How to create a show stopping poster

The poster was one of the earliest forms of advertising, made popular during the 1800s by predominantly French artists. The poster quickly became a staple of the graphic design trade around the world and is still an important marketing tool today.

By Carla Stanton, graphic designer at technical PR agency Stone Junction.

Poster design is an area where you can really let your creativity take the lead by bending the rules and experimenting to provoke emotion. Some posters can get you excited and create buzz, while others are satirical or informative. As with all design, the key is finding the right balance between attention-grabbing images and thought-provoking text. Generally, you only have three seconds to get your audience hooked.


Knowing your audience and the purpose of the end result is crucial for creating an engaging and powerful poster. Once you have the initial information, this will stimulate the mood and prompt your colour choice, fonts and any other graphic elements. Even when marketing for businesses, the design of a poster is an artform.


By considering your composition carefully and making sure all the important text is clear and legible, you can then start to think about how the text and imagery complement each other. For example, consider whether you want text overlaying imagery or working around an illustration. You can experiment with visual hierarchy and piece the design together in order of importance. 


If there is a lot of information to get across, focussing on typography rather than graphics or photography can work well. It is also worth checking that you can read the poster from a distance. If your type is too small you need to consider cutting back on words to fit into your design or re-arranging the layout.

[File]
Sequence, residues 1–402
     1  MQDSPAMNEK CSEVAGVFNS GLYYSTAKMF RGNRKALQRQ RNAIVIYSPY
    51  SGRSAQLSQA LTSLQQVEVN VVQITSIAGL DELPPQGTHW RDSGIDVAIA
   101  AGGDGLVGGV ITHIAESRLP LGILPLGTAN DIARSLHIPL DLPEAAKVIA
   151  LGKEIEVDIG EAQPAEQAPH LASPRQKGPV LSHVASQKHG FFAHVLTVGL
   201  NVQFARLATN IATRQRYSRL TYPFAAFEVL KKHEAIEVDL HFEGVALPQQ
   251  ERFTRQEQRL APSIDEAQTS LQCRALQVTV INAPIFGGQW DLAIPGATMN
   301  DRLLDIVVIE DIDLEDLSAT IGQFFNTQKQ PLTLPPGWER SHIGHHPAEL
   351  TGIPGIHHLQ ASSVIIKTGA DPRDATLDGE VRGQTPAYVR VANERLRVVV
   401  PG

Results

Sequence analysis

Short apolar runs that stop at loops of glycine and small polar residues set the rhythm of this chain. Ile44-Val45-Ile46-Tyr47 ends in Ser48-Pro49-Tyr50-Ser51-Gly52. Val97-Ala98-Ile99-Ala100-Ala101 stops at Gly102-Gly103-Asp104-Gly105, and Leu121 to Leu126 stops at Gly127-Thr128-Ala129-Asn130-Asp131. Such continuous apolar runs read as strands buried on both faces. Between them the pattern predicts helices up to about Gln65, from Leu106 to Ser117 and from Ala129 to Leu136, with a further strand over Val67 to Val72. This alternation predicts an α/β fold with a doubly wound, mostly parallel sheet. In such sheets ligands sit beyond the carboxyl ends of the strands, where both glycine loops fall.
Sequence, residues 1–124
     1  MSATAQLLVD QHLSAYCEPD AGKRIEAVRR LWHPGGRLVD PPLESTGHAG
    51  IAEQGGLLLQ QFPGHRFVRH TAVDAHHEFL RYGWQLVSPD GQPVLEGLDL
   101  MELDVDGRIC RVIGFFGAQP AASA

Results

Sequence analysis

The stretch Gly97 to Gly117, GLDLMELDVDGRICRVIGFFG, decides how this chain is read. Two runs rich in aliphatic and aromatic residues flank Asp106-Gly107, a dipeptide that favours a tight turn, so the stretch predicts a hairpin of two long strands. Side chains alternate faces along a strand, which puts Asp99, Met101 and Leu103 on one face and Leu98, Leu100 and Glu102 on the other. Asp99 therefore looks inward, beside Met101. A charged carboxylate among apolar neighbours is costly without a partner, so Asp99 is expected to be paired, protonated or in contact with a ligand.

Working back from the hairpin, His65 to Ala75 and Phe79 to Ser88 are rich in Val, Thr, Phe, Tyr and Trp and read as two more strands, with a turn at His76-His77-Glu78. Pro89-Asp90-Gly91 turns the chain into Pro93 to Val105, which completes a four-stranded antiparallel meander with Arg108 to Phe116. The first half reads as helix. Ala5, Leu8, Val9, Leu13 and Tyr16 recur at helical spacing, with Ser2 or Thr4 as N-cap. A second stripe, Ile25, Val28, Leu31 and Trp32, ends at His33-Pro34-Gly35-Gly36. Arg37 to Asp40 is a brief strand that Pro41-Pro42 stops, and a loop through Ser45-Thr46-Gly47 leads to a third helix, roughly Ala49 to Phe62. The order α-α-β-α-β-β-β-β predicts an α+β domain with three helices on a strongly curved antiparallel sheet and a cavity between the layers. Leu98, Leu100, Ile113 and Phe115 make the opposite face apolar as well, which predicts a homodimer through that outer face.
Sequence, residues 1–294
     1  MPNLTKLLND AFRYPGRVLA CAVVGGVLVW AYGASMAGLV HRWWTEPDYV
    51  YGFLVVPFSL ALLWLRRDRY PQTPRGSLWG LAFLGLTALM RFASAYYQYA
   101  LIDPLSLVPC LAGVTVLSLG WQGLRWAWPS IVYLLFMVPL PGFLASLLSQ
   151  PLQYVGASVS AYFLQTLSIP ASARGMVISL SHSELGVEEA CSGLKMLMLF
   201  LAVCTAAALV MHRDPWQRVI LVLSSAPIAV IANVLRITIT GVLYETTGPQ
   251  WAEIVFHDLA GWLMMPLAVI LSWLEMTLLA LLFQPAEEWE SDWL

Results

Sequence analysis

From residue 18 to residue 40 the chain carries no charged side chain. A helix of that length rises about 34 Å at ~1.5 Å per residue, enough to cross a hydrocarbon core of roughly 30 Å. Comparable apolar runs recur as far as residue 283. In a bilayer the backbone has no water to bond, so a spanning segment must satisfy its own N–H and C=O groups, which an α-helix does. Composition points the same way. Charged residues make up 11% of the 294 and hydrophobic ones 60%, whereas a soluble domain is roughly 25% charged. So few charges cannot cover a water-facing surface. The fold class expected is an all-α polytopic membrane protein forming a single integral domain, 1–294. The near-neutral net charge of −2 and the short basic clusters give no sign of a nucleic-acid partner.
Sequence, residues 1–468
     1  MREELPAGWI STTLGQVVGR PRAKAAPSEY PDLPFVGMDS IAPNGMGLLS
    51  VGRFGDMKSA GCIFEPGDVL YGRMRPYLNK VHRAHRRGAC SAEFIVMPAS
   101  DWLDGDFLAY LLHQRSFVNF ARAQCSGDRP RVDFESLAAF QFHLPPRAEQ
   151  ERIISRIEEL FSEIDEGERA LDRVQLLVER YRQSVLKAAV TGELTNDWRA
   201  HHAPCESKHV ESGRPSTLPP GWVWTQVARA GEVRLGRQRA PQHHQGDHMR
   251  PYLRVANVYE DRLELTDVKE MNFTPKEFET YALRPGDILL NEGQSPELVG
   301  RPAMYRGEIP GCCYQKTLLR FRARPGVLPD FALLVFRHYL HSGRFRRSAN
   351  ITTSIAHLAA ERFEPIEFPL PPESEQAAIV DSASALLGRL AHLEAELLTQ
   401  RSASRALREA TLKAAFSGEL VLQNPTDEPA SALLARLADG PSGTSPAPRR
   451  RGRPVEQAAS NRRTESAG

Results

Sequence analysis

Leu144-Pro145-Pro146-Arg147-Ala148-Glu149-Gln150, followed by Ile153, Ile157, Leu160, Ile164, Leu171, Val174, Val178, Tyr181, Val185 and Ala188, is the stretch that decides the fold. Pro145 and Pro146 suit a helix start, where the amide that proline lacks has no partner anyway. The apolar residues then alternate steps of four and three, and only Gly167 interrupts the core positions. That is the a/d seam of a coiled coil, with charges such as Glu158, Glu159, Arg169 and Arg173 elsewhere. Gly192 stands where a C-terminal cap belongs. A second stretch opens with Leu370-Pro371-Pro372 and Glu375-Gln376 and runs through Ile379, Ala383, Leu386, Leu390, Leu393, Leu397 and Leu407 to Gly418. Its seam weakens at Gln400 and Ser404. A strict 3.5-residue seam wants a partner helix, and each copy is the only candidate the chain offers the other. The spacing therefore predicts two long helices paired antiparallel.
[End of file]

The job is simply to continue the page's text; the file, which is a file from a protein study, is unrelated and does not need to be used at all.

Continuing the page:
Marketers who need their posters to engage viewers should also think about reaction. In some cases, few words or the use of a dramatic photograph can say so much more than an intricate design. As the saying goes, sometimes a picture can say a thousand words. 


Colour choice can also sway your audience, so try to select a colour pallet that complements the event, product or information the poster contains. Block colour and brights can work well on posters and make them eye-catching just as much as the use of black and white or colour overlays — there are no limits!


The other area where you can step away from brand guidelines is with font choice for your poster; here, you can really play around with some different styles and sizes to emphasise the emotion or reaction you want the viewer to feel. It is still best to stick to only a couple of fonts unless the type is leading the show. Remember, you still need everything to be legible.

Once you have everything in place it is worth printing off a mock up and standing at a distance to check everything works and that the reader will follow everything without any confusion. If the poster needs to contain contact details as a call to action, make sure they are easy to spot.

While modern marketing posters aren’t necessarily done by artists in the traditional sense any more, it certainly helps to think like one to really influence viewers. If you aren’t a budding Toulouse-Lautrec and need a hand, you can discuss your next poster project with us on 01785 225416 or email our in-house graphic designer at carlas@stonejunction.co.uk.


Carla Stanton

Stone Junction is a cool technical PR agency based in Stafford. We work for all sorts of businesses, with a particular focus on technology, technical and engineering companies. We like being sent cake and biscuits by clients, journalists and prospects.

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